Volume 102, Issue D5 p. 6117-6129
Papers on Atmospheric Chemistry
Free Access

Dynamical proxies of column ozone with applications to global trend models

First published: 01 March 1997
Citations: 74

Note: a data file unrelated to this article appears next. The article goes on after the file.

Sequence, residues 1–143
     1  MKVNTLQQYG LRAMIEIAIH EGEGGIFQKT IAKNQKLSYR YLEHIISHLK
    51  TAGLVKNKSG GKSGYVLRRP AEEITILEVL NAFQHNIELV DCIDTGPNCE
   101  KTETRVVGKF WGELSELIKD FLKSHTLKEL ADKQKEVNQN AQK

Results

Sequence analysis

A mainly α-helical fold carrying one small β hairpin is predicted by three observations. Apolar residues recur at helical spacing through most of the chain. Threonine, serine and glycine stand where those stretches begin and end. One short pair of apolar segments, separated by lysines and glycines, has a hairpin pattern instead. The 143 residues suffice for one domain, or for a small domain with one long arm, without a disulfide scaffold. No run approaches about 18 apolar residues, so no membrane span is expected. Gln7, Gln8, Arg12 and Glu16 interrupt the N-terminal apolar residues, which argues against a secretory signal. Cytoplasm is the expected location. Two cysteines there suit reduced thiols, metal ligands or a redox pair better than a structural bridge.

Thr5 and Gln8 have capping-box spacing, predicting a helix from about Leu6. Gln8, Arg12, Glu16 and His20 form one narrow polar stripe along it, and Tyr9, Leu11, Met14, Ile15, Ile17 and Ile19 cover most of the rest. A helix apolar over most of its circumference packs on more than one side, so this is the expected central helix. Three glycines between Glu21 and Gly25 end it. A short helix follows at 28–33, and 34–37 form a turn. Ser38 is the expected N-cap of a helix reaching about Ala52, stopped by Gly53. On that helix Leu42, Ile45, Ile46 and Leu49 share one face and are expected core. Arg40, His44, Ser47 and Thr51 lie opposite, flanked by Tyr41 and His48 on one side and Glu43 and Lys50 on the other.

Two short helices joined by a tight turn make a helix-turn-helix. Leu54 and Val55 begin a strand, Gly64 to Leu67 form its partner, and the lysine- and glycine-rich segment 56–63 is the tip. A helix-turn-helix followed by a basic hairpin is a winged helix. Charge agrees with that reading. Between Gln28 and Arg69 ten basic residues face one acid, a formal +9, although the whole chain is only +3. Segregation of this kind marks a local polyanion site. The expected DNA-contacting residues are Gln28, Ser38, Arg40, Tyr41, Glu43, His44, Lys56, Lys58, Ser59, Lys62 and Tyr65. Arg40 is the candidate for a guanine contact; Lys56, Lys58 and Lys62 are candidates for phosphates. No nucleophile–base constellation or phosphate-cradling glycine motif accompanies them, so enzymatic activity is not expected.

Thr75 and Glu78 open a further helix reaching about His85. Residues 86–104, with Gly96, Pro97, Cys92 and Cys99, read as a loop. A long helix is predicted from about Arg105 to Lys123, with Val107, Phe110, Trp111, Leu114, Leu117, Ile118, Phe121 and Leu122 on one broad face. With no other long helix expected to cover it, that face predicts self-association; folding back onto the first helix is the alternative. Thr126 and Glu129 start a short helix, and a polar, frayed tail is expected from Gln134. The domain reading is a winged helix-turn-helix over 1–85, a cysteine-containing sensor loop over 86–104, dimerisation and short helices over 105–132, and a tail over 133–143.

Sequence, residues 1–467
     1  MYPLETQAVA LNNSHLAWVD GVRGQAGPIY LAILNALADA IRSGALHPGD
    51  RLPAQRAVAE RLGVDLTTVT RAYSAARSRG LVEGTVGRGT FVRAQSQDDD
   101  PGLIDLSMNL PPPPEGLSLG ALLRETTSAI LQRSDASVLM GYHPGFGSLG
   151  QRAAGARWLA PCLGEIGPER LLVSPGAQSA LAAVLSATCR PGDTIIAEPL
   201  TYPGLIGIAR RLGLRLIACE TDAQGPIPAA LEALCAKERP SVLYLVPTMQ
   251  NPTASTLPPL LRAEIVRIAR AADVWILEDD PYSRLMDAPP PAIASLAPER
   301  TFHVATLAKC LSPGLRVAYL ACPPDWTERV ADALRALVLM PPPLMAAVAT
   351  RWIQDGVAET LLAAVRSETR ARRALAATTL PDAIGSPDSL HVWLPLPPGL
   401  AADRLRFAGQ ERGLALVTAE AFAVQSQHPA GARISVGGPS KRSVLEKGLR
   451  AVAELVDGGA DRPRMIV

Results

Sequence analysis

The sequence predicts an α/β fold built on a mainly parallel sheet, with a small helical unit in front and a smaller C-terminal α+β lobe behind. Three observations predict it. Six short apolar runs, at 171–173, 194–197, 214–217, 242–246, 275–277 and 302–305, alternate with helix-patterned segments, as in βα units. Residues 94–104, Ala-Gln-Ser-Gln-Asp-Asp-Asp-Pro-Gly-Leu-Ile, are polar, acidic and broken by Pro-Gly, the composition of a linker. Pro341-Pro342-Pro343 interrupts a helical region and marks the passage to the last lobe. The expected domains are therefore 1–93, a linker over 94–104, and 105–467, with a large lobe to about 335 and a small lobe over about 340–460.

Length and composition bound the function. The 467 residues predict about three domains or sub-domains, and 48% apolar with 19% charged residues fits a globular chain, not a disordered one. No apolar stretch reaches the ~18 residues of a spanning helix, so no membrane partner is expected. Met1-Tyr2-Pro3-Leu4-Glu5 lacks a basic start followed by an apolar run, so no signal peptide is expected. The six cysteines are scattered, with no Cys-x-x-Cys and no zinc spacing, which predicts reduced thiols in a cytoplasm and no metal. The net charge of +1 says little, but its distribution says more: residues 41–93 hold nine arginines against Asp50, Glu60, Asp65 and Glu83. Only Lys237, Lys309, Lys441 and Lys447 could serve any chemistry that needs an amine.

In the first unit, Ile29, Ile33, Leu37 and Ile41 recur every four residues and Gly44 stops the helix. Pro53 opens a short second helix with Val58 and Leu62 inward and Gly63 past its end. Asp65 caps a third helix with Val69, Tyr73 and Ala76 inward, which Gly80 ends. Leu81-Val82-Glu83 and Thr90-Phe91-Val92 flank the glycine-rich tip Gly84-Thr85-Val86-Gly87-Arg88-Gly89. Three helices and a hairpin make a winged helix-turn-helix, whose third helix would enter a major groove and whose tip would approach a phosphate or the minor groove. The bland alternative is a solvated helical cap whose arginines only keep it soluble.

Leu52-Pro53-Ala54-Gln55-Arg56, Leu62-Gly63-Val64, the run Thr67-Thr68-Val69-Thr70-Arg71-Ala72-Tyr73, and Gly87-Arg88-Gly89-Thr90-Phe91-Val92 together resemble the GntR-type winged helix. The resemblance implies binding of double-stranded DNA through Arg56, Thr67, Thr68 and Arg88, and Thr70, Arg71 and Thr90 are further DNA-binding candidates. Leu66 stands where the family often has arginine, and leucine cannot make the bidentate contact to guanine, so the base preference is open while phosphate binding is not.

Previous regression trend models for total column ozone have included only the quasi-biennial oscillation (QBO) winds and the El Nino Southern Oscillation (ENSO) ocean surface pressure as dynamical proxies. Trends derived from these regression models generally differ (are more negative) from two-dimensional (2-D) chemical transport trends by about 2–5% decade−1 in midlatitudes during spring. The present study introduces additional dynamical proxies of total ozone in regression models in an effort to reduce errors in local ozone trends and reduce these model differences. Nimbus 7 total ozone mapping spectrometer (TOMS) version 7 total column ozone for 1979–1992 are used in conjunction with analyses from National Centers for Environmental Prediction (NCEP, formerly National Meteorological Center). Dynamical proxies investigated include winds (including diabatic winds), relative vorticity, potential vorticity, temperatures, and geopotential heights. Inclusion of additional dynamical proxies improves statistics by reducing residuals and uncertainty regions in both zonal mean and zonally asymmetric trend models. RMS reductions, relative to a trend model with only QBO, solar, and trend terms, are as large as 50% in 14-year means in the southern hemisphere. For zonal mean or zonally asymmetric global trend models with one optional surrogate, a favorable choice is prefiltered (at least deseasonalized and detrended) lower stratospheric temperatures. Relative vorticity, potential vorticity, and geopotential heights all exhibit similar relationships with total ozone, with highest correlative behavior near 200 hPa (midlatitudes year-round) and 10 hPa (high latitudes in winter-spring months). For models incorporating these latter proxies, combined 10-and 200-hPa (or similar) pressure levels are effective in reducing global residuals. ENSO, as a surrogate by itself or included with other dynamical proxies, has a comparatively small effect because of its episodic nature. Decadal variabilities in NCEP and microwave sounding unit channel 4 (MSU4) data as surrogates in trend models indicate maximal 1–3% decade−1 reductions anywhere in TOMS trends. Total ozone trends derived from the Goddard 2-D heterogeneous chemistry and transport model agree favorably with trends in TOMS ozone, generally to within 2–3% decade−1 in both hemispheres. Inclusion of possible decadal variabilities in dynamics may yield yet smaller differences.